I completed my bachelor’s and master’s degrees at an unusual small liberal arts college in Bar Harbor, Maine that has only one major: human ecology. That is an interdisciplinary approach to solving environmental problems—which can range from ecological to economic, with an emphasis on application in the real world, ateaching model the world wants to copy. Many of my classmates and fellow College of the Atlantic (COA) graduates went on to work in environmental fields. Others were entrepreneurs and started “green businesses,” or spearheaded nonprofit initiatives; my classmate and friend, Jody Kemmerer, for example, founded the first women’s health center in Tibet. COA’s unique program was created by a few Harvard folks back in the ‘60s in an idealistic attempt to start a new trend of multi-disciplinary, holistic thinking about world problems and to prepare young people for the challenges that the world was beginning to face. It offered one of the first “green degrees” in the country. Maine Congresswoman Chellie Pingree is a COA graduate. COA is one of the five founding schools in the Eco-League College Consortium. For more information, visit: http://www.ecoleague.org/
Now “green degrees” are quite popular and multi-disciplinary programs are more common. Many students are no longer looking for a program that prepares them for just one type of work but an education that better adapts them to a changing world climate—both ecologically and economically speaking. So-called “green collar” jobs are cropping up and the recent federal stimulus package called for the creation of more of these types of positions. In response to these trends, more schools are offering green degrees. Employers are also looking for a “green ethic” or “green consciousness” in candidates for many types of positions—not just in environmental fields. Some college students are going to career counselors and saying, “I’ve read about wetlands and watersheds and green technology in the paper. I want to do something with that. I’m not sure what it all means…but I think it’s important.” Many more students today are interested in college majors that will easily translate into a green collar job after they graduate.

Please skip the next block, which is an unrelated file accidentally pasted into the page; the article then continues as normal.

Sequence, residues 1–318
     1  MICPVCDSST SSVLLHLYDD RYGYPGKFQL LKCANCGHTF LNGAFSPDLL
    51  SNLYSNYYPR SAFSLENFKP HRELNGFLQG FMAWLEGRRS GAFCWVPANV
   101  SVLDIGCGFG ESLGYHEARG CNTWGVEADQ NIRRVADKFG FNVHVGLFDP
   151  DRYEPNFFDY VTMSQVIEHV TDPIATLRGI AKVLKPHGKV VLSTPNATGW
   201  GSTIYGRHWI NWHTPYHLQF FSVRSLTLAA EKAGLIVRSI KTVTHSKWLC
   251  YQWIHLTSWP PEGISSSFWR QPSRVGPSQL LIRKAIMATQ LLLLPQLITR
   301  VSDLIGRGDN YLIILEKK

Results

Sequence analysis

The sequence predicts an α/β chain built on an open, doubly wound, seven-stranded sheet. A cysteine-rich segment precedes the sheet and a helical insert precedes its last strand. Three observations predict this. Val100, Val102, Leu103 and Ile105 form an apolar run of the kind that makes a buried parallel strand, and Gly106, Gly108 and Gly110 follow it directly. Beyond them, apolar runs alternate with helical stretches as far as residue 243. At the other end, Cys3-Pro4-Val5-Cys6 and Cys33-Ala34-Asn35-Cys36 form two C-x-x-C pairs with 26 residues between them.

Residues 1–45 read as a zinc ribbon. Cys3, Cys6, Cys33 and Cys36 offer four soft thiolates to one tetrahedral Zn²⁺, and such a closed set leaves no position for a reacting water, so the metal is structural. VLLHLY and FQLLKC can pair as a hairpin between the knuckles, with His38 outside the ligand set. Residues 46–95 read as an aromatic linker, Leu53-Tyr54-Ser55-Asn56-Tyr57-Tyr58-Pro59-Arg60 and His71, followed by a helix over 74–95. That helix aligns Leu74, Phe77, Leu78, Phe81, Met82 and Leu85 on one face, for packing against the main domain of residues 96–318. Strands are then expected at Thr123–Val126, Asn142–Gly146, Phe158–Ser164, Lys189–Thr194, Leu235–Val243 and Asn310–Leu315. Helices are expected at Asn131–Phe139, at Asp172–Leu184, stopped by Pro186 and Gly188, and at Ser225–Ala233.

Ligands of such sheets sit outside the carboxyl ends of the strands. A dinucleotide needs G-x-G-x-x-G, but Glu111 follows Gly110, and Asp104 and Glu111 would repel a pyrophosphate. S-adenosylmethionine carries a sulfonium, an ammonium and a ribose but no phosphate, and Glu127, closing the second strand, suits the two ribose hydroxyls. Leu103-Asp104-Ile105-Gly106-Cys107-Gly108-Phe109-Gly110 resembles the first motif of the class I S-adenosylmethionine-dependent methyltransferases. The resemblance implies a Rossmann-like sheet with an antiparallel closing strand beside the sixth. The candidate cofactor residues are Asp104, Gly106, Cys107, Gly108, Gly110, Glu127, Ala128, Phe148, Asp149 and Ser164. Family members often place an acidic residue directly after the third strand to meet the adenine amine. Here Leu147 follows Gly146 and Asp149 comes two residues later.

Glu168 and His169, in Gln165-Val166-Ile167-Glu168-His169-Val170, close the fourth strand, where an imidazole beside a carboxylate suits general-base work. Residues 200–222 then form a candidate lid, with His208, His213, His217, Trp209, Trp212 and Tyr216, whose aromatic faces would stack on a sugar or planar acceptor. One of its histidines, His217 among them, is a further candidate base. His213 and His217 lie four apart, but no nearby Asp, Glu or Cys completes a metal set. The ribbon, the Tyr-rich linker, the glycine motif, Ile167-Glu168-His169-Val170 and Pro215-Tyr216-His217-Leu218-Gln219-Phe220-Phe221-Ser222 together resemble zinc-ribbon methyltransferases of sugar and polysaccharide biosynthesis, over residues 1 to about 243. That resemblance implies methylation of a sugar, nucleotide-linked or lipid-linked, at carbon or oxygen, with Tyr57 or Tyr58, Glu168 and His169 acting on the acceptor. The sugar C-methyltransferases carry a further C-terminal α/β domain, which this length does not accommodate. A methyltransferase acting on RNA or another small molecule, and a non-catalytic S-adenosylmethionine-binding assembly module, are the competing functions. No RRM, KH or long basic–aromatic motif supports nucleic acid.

Green degrees span a wide variety of disciplines: there are “green law” degrees, environmental studies degrees, which can include wetlands ecology, climatology, human ecology, political ecology and human adaptation, to name a few. There are also environmental management and policy-related degrees, environmental engineering degrees (including green chemistry, hydrology), and even green auto-mechanic technical degrees to train people for building hybrid vehicles.
Here’s a good short list of colleges that offer green degree programs related to water and wetlands: http://www.ed-reference.us/00110/environmental/water,-wetlands,-and-marine-resources-management/colleges
A longer list of green college degree programs is here:http://www.citytowninfo.com/education-articles/green-careers-and-education/environmental-green-degree-programs
Some other interesting green college degree programs:http://www.solutionsforourfuture.org/site/PageServer?pagename=green_education
Edmonds College Sees Interest Up in Green Degrees (WA)
Hottest Green College Degrees Around (July 2009)
Antioch University New England – New Environmental Studies Program MS in Sustainable Development and Climate Change degree
MS Resource Management & Conservation degree
Update: Treehugger.com’s list of Top 10 Environmental Science Degree Programs
A new website helps students find the right Environmental Science Degree Program.
Update: College of the Atlantic is listed as #1 Green College in the U.S.http://www.greenstudentu.com/green_campus/10_green_campuses_around_the_world.aspx